How is it possible that the Wachowski brothers could tell Smith about such a multidimensional film as the Matrix in such an unintelligible and unattractive way? Especially since they wrote the script and knew it through and through?

 

Contrary to appearances, such situations are not so rare.

Sadly – many offers, not just for films, but also business offers, are rejected for similar reasons. 

 

Today’s technology allows us to simulate what the famous Matrix scene with Will Smith would look like as Neo. Source: Shamook YouTube chanel

Reason #1: The curse of knowledge prevents the client from understanding you

In B2B, we often need to provide the customer with a lot of information to complete the sale successfully:

  • What is the business value of our offer,
  • What exactly are we going to deliver,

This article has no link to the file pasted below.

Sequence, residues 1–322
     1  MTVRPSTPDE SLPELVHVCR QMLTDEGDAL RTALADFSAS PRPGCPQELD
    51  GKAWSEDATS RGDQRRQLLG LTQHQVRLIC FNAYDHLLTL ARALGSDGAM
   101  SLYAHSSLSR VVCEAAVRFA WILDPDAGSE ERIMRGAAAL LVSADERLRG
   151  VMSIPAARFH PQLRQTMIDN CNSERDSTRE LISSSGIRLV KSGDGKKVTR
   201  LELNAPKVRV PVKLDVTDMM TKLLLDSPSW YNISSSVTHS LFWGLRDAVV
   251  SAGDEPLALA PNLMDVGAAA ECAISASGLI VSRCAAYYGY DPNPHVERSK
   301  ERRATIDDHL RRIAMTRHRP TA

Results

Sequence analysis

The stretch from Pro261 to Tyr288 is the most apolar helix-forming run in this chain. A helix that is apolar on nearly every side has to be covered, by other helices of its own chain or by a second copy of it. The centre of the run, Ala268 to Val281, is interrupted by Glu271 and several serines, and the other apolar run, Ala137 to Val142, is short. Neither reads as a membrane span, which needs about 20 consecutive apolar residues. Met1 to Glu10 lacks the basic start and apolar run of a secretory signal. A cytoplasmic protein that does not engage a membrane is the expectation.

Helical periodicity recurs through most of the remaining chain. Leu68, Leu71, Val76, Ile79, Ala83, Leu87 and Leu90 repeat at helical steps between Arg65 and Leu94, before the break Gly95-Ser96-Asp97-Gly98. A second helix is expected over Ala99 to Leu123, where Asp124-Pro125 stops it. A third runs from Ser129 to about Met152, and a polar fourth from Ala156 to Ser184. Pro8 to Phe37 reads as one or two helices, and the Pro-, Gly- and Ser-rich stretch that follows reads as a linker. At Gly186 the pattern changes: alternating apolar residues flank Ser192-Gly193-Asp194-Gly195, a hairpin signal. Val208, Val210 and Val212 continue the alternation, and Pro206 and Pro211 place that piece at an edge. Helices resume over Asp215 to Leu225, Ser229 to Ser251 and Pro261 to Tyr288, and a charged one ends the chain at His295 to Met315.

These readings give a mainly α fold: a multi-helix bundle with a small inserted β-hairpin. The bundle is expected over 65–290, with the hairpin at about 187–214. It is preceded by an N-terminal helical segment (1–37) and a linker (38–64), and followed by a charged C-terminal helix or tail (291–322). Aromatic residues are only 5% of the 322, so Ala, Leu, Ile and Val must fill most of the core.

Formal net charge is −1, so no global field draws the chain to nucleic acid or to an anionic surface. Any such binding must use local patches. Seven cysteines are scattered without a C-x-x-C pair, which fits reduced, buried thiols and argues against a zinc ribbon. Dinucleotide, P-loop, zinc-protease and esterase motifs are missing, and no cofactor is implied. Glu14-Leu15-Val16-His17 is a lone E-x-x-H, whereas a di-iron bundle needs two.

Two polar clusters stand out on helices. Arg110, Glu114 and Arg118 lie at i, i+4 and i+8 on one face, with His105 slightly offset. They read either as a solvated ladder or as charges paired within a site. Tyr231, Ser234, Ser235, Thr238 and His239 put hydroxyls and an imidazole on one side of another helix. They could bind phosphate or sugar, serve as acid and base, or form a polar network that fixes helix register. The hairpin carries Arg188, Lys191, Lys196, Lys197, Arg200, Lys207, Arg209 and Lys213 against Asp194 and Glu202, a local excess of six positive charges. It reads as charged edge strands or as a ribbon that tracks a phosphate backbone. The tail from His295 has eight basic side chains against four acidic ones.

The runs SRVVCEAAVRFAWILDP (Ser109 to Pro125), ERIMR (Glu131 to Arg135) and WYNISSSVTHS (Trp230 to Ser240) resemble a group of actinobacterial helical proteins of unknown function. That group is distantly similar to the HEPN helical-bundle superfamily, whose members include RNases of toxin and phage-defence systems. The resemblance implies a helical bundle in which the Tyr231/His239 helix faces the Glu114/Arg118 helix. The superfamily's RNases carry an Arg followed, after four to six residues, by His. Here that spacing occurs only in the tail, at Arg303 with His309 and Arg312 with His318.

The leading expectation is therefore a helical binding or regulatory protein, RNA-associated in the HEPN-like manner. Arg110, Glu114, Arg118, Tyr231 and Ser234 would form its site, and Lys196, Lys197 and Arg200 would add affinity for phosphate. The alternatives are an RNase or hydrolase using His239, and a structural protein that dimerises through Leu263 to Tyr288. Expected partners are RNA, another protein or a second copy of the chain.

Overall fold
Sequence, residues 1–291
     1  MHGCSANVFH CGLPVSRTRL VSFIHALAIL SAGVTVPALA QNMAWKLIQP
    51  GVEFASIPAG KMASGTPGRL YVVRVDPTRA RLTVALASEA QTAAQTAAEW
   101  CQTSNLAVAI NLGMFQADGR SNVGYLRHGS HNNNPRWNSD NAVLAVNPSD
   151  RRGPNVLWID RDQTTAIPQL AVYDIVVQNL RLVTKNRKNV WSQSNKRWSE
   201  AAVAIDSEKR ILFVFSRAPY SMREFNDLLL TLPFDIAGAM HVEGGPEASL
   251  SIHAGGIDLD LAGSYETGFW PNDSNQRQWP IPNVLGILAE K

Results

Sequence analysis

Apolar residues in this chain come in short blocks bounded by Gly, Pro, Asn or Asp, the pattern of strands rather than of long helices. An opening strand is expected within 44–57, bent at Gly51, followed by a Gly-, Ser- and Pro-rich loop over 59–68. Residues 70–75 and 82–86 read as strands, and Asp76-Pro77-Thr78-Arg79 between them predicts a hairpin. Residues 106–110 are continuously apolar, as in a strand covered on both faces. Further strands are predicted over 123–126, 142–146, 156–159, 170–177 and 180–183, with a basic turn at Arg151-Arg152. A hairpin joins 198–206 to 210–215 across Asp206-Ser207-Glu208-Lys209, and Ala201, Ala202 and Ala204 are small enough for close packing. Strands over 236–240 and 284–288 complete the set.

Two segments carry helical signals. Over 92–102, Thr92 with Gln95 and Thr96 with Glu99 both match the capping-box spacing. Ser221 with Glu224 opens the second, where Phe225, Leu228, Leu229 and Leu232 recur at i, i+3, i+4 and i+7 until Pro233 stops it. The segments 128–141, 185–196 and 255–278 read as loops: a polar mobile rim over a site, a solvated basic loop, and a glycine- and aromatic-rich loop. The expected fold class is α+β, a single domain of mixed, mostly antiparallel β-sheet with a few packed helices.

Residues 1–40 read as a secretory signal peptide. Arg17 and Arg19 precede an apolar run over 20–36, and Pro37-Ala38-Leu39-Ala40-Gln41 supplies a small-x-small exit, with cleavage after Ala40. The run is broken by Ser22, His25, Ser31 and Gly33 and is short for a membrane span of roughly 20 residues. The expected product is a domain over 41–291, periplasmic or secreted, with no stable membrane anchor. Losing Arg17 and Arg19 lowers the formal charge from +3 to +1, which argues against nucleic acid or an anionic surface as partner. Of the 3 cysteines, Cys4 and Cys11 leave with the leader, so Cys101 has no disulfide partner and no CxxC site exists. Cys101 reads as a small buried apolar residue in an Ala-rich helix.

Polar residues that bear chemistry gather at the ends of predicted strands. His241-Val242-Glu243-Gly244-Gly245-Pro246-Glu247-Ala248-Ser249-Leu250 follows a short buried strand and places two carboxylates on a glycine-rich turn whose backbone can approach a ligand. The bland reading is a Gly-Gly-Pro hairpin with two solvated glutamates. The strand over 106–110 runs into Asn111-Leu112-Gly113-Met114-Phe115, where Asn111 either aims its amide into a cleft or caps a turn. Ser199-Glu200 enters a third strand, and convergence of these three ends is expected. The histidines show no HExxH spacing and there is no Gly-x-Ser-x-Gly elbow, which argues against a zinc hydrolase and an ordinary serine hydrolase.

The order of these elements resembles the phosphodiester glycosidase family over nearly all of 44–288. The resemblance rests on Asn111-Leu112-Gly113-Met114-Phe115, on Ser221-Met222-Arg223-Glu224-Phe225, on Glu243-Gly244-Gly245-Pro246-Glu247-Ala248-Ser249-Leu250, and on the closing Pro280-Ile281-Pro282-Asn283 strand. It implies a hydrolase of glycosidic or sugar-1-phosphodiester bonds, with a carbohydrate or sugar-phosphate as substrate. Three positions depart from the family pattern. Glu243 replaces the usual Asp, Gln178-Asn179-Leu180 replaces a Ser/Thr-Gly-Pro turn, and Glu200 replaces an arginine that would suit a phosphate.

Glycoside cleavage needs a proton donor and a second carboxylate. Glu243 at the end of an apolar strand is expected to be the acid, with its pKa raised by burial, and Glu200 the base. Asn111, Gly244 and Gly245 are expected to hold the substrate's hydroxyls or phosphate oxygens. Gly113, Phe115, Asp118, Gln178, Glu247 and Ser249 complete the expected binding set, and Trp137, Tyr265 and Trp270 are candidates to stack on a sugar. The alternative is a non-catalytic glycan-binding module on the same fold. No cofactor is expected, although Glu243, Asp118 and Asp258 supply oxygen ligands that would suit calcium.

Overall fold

• At what time,
  • How,
  • Under what conditions
  • For how much, etc.

And here is where the curse of knowledge stands in our way.

The curse of knowledge is a psychological effect, which means that if we know something, we get the impression that others do too. [More about the curse of knowledge is written here]

It usually takes harmless forms. When we watch the program “Who Wants to Be a Millionaire?” and we know the answer to the question, we are surprised that the player is even thinking about it. It’s so obvious, right?

For a football fan, it will be “obvious” which football club Robert Lewandowski plays for, for a fan of the Lord Of The Rings, it’s obvious who Faramir was, for an amateur traveler, what the capital of Madagascar is…

As Polish host of “Who Want to Be a Millionaire” Hubert Urbański says:: “That’s the joke of it, that you can find questions that are easy for us and difficult for someone else.” [2]

However, the knowledge curse is very dangerous in the case of marketers and sellers. It can destroy the potential of even the best product.

 

Why?